Scripture: Luke 4:16
16 When he came to Nazareth, where he had been brought up, he went to the synagogue on the sabbath day, as was his custom. He stood up to read, 17 and the scroll of the prophet Isaiah was given to him. He unrolled the scroll and found the place where it was written:
18 “The Spirit of the Lord is upon me, because he has anointed me to bring good news to the poor. He has sent me to proclaim release to the captives and recovery of sight to the blind, to let the oppressed go free, 19 to proclaim the year of the Lord’s favor.”
20 And he rolled up the scroll, gave it back to the attendant, and sat down. The eyes of all in the synagogue were fixed on him. 21 Then he began to say to them, “Today this scripture has been fulfilled in your hearing.” 22 All spoke well of him and were amazed at the gracious words that came from his mouth. They said, “Is not this Joseph’s son?”
Have you ever seen the fall foliage in picture? Have you ever driven along the highway and seen the burst of beautiful colors that just takes your breath away? And, although we see it year after year it never fails to be beautiful.
Have you ever gone walking in the woods during that time? Still beautiful right? But it loses some of the majesty and grandeur. In the woods we cannot see the treetops as much.
Have you ever looked closely at those individual trees with their rough bark, probably broken branches, or even a dead limb and leaves?
Yet even though we see the flaws up close the forest is no less beautiful. Each tree is a part of the grand scheme of the foliage but when we get up close, we miss the awe!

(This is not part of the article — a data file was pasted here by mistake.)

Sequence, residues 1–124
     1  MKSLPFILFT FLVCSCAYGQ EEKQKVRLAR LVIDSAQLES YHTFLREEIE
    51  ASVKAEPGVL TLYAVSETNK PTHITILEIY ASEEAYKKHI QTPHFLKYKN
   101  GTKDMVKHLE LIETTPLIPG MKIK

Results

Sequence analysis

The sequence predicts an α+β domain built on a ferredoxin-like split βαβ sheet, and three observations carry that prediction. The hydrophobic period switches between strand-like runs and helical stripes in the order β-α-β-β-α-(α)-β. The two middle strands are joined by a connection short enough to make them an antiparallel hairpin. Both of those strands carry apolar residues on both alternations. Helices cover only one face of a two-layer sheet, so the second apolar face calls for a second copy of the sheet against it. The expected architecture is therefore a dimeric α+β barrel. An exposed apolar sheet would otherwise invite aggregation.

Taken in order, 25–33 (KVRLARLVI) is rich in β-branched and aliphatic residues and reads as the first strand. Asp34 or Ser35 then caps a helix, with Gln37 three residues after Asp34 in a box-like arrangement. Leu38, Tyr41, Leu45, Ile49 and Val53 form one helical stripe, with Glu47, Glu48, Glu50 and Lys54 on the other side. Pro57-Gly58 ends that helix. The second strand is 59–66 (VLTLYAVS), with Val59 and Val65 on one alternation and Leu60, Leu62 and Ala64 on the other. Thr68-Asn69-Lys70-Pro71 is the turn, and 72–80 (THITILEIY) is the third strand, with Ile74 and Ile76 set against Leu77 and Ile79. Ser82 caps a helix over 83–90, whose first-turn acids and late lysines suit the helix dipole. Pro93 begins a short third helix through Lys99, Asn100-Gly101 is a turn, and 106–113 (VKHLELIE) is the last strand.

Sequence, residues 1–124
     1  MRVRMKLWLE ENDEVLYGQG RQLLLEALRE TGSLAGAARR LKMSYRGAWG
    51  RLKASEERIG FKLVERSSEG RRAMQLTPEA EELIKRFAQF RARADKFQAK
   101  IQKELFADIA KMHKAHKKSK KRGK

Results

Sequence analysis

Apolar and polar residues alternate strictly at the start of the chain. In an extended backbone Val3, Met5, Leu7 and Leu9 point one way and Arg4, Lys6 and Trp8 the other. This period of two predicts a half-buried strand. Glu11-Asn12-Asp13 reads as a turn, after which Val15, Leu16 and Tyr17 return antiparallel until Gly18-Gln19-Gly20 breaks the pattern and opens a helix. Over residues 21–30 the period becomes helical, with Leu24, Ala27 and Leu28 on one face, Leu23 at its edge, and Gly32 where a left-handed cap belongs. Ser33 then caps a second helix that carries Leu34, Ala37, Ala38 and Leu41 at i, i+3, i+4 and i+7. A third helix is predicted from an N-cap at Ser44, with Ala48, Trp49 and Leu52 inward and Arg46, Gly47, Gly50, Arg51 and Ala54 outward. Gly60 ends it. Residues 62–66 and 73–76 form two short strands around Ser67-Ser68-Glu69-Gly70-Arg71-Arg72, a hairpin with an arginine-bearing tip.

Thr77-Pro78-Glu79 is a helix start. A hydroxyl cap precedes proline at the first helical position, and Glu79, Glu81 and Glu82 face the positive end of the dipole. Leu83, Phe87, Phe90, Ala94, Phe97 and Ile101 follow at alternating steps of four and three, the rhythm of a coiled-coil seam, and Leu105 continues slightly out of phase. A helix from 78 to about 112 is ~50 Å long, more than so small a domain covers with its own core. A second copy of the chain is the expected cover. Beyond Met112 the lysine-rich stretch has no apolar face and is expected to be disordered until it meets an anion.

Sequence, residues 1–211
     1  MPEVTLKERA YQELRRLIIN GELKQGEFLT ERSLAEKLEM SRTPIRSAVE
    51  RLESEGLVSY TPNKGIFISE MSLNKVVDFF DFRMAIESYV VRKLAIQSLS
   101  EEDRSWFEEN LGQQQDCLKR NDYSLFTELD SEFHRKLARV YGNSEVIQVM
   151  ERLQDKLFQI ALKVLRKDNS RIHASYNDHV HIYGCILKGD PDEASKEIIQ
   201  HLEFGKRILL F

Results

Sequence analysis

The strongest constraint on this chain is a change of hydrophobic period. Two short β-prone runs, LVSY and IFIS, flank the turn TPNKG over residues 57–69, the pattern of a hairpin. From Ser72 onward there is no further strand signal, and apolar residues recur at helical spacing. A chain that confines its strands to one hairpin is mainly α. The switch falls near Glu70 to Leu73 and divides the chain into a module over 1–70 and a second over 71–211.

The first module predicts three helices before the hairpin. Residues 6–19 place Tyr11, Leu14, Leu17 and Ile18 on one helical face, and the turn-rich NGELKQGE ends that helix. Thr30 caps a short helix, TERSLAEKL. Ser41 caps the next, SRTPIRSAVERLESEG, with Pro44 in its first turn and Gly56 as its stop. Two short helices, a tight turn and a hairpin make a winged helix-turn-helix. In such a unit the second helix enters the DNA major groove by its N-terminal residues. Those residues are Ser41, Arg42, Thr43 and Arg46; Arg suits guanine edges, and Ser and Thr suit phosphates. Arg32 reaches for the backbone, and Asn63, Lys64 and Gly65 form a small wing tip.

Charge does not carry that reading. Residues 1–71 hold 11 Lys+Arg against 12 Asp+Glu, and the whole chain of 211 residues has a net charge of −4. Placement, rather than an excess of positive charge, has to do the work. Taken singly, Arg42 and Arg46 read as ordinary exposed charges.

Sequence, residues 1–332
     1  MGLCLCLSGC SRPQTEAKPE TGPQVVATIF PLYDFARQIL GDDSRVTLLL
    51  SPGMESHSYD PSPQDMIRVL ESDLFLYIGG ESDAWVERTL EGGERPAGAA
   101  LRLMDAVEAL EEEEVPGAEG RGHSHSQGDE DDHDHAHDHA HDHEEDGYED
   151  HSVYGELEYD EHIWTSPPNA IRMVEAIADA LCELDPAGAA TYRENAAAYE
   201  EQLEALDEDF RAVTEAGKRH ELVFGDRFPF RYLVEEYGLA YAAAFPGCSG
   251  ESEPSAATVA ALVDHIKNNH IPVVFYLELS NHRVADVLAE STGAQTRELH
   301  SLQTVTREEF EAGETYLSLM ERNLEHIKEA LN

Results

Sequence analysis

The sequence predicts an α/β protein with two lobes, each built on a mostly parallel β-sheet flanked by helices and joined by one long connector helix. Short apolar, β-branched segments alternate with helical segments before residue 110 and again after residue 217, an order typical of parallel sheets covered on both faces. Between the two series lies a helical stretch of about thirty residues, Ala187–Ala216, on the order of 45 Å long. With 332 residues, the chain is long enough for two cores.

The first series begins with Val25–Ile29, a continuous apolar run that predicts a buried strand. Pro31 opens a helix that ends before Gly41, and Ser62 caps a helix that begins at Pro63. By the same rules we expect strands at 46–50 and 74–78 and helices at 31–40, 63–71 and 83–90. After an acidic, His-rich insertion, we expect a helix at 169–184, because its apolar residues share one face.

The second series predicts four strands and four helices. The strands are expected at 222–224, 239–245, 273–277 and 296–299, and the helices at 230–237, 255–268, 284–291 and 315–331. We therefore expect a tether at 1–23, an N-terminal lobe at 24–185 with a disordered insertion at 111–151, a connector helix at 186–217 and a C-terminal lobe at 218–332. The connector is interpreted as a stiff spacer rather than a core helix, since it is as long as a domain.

God sees you from a distance.
God sees us and the ways we are so delightfully beautiful, and the possibilities for our greatness are in focus. Yet, through Jesus’ coming and living among humanity it tells us that God understands our everyday challenges. Jesus understands that even as we are so uniquely beautiful from a distance we feel pain, and get angry, and are hateful and are broken, and get depressed, and feel like we are not enough, and things don’t work out the way we expected or planned.
In the scripture that was read, Jesus went home where they knew him. First, they heard what he was doing from a distance in the regions around Galilee. They also saw and heard him preaching in the temple and were impressed by him. They must have felt great pride that one of their hometown boys was making it big. It must have been what it felt like to see other Black people, or Haitians get recognized or achieve great things like Kamala Harris, or Barack Obama or the artist Jean Basquiat, or Wyclef Jean. When Jesus came home, he was one of them walking on the same road, eating the same food. He was Joseph’s son, the carpenter, that kid from down the street. The one who ran around with the local boys or the teen who did that thing that normal teens did.
Familiarity breeds contempt
The people could not forget what they knew about Jesus. Their knowledge prevented them from seeing who he had become instead of who he once was. There are people who cannot allow us to become who we are being called to be in this community or in the world because they are stuck on who we were. Sometimes we remember who we have been and cannot seem to let go of who we have been while God is calling us to be so much more. We try to hide from the people in our community, from ourselves and sometimes we even try to hide from God. But like the words of the song, God is watching us from a distance and seeing us as we truly are, beautifully and wondrously, a part of God’s creation.